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I'm Dreaming of a White House Christmas

The decorations are restrained, but they reveal plenty of holiday spirit

November 29, 1998|NAEDINE JOY HAZELL | HARTFORD COURANT

WASHINGTON — If you've always longed to see the White House decorated for Christmas, then by all means, go.

But empty your mind of visions of sugarplums.

It's not that the White House isn't pretty during the holidays. It is.

It's not that you won't feel Christmasy. You will.

It's just that you might expect more than you'll get, considering that you (or someone who loves you) will have waited an hour or more in the chilly predawn darkness for your free ticket.

And you might expect more, considering that even though you'll get the ticket early, you won't be able to use it until sometime between 10 a.m. and noon.

And, even then, after all that waiting around, the entire White House tour will only take about 30 minutes, even if you dawdle.

We're talking a handful of pretty rooms with about a dozen gaily decorated Christmas trees. That's it. And you don't even get to take pictures.

You might admire this kind of decorating restraint and class if it were your neighbor's house, but somehow people seem to want more, expect more, from the first family.

Last year, the Green Room and the Red Room barely qualified as decorated because the only holiday items were foot-tall displays on the mantelpieces. Cute displays, to be sure--one of nighttime in Santa's village and another of Santa's workshop on Dec. 23--but nothing that would give Martha Stewart sweaty palms.

Now, before you get testy, understand that there's a good reason for this functionality. The White House is not a showcase. It's a place of government business, and its few public rooms are in near constant use to entertain visiting heads of state, celebrities and honored Americans. That doesn't leave much room for elaborate decorations, especially anything that couldn't be moved to make room for, say, a dinner for 100 people.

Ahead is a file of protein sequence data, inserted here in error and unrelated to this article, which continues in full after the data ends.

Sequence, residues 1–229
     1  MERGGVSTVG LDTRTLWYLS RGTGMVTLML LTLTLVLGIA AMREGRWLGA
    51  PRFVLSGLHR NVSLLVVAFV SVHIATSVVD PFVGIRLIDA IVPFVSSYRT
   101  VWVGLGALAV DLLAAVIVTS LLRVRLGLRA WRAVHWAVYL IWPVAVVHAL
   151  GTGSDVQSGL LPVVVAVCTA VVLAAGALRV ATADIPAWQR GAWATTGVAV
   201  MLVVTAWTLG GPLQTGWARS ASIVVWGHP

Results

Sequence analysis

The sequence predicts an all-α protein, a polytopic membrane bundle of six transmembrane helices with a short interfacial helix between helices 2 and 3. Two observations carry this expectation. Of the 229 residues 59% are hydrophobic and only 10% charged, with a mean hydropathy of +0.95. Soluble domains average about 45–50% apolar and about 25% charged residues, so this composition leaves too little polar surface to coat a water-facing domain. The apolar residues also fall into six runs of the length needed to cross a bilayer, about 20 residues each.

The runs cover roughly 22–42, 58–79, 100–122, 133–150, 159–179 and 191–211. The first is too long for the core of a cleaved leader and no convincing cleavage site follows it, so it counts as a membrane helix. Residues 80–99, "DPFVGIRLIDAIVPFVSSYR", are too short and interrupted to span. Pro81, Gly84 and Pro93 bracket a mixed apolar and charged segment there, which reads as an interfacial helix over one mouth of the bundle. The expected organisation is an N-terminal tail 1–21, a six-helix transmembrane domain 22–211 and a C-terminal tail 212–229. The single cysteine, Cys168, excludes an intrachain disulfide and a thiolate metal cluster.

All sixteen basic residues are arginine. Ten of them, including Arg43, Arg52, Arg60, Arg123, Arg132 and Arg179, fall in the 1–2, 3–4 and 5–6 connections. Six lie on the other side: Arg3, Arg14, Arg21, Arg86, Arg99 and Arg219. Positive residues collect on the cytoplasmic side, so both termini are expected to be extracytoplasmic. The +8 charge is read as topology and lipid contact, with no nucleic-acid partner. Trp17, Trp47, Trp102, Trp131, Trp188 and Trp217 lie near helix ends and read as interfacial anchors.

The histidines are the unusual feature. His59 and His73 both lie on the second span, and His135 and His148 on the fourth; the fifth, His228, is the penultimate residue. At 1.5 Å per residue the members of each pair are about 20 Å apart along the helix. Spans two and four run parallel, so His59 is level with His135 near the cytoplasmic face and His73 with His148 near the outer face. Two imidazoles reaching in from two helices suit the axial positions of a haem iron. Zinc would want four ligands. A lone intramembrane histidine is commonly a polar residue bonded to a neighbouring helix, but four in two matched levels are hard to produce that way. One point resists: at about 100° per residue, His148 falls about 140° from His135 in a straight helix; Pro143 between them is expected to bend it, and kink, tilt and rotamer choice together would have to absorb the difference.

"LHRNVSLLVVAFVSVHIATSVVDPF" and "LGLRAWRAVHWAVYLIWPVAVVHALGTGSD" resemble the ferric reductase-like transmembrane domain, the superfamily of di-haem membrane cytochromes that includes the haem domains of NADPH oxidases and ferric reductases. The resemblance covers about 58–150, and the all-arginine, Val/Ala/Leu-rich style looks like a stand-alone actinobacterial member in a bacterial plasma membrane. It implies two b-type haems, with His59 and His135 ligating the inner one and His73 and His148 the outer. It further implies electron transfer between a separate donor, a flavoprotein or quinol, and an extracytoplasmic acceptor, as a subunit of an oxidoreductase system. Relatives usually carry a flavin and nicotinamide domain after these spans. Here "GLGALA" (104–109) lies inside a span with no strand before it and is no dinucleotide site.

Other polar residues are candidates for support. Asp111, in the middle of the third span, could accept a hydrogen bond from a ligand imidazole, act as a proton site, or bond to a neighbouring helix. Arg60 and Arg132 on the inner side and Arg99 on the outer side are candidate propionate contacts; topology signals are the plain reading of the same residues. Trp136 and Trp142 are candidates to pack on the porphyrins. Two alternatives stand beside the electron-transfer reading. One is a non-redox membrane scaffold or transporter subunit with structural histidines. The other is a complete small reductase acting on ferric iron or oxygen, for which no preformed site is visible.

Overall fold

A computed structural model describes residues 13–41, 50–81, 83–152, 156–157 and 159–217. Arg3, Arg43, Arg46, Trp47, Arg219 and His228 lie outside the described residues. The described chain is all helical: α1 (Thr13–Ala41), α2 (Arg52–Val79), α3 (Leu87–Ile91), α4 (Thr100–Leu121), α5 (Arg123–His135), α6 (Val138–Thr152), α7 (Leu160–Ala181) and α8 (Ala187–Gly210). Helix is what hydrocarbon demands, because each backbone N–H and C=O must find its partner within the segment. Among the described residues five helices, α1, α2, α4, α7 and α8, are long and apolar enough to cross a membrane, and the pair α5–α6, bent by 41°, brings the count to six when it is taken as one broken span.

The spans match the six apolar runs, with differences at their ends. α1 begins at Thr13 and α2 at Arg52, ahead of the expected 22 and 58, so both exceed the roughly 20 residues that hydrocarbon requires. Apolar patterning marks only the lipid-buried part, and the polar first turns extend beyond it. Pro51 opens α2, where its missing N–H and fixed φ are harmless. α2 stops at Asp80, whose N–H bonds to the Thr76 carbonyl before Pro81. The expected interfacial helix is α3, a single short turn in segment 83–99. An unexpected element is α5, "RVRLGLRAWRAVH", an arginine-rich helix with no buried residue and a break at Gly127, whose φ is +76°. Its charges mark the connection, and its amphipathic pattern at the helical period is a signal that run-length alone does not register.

Despite these logistical restrictions, the White House is open to the public five days a week, making it the only residence of a head of state that is open to visitors so often. About 1 million people a year go through.

During the holidays, the biggest attractions are the East Room, the Blue Room and the State Dining Room. The East Room is the largest in the White House and is used for receptions, ceremonies, press conferences and other events, but during the holidays it's dominated by six oversize Christmas trees. The trees, decorated in gold glitter balls and burgundy ribbons, flank an 18th century Italian creche.

The oval Blue Room is dominated by the official White House Christmas tree, which takes up much of the room. Last year, the 18-foot-tall tree was decorated with ornaments contributed by special groups and people who were invited to donate them.

The green velvet handmade tree skirt was designed by individuals from each of the 50 states, territories and the District of Columbia, and the Clintons have had it since their first Christmas in the White House. It has a sweet, homespun look that probably would look out of place in any other home of a head of state.

A maroon-and-green checked tablecloth covered the table in the state Dining Room, topped by 3-foot-tall candles, child-tall angels created from dried grapevines and mauve Christmas balls last year. On a side table was the annual gingerbread house created by White House pastry chefs. It was Santa's Victorian house and workshop. Santa was on a cell phone.

One way to liven up your visit is to spend awhile in the White House Visitors Center, a few blocks from the big house. You must go there for tickets anyway, so take some time to watch the 30-minute video and see the displays. Visitors learn lots of interesting history about the White House and get some behind-the-scenes looks at the most famous house in America.

So, while the White House for the holidays is probably not worth a special trip alone, if you have plans to be in town after Thanksgiving, stop by--the decorations usually are put up over the long weekend following Turkey Day.

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GUIDEBOOK: President's Digs

White House tours: They have the welcome mat out from 10 a.m. to noon Tuesday to Saturday. A limited number of tickets are issued on a first-come, first-served basis starting at 7:30 a.m. at the White House Visitors Center, which accounts for the early morning lines outside. Also, be prepared for airport-like security before you're allowed into the White House. Because special events might make it necessary to cancel public visits, call ahead: telephone (202) 208-1631.

For more information: Washington, D.C., Convention and Visitors Assn., 1212 New York Ave. N.W., Suite 600, Washington, DC 20005-3992; tel. (202) 789-7000, fax (202) 789-7037, Internet http://www.washington.org.

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